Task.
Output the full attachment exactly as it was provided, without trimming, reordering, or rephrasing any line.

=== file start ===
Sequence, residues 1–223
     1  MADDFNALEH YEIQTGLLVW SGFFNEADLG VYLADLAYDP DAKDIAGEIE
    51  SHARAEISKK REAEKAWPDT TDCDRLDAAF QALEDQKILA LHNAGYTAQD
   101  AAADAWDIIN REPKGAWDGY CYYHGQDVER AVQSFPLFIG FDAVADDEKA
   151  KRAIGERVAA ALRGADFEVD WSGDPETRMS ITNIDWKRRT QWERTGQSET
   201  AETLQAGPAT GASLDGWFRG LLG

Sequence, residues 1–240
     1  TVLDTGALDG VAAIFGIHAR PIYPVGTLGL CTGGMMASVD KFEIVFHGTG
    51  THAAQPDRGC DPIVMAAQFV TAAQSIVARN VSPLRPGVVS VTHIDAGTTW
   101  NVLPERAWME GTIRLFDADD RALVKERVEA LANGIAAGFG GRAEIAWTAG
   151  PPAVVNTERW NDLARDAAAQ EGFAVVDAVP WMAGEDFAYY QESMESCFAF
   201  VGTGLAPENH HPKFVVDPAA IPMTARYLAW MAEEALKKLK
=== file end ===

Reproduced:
Sequence, residues 1–223
     1  MADDFNALEH YEIQTGLLVW SGFFNEADLG VYLADLAYDP DAKDIAGEIE
    51  SHARAEISKK REAEKAWPDT TDCDRLDAAF QALEDQKILA LHNAGYTAQD
   101  AAADAWDIIN REPKGAWDGY CYYHGQDVER AVQSFPLFIG FDAVADDEKA
   151  KRAIGERVAA ALRGADFEVD WSGDPETRMS ITNIDWKRRT QWERTGQSET
   201  AETLQAGPAT GASLDGWFRG LLG

Sequence, residues 1–240
     1  TVLDTGALDG VAAIFGIHAR PIYPVGTLGL CTGGMMASVD KFEIVFHGTG
    51  THAAQPDRGC DPIVMAAQFV TAAQSIVARN VSPLRPGVVS VTHIDAGTTW
   101  NVLPERAWME GTIRLFDADD RALVKERVEA LANGIAAGFG GRAEIAWTAG
   151  PPAVVNTERW NDLARDAAAQ EGFAVVDAVP WMAGEDFAYY QESMESCFAF
   201  VGTGLAPENH HPKFVVDPAA IPMTARYLAW MAEEALKKLK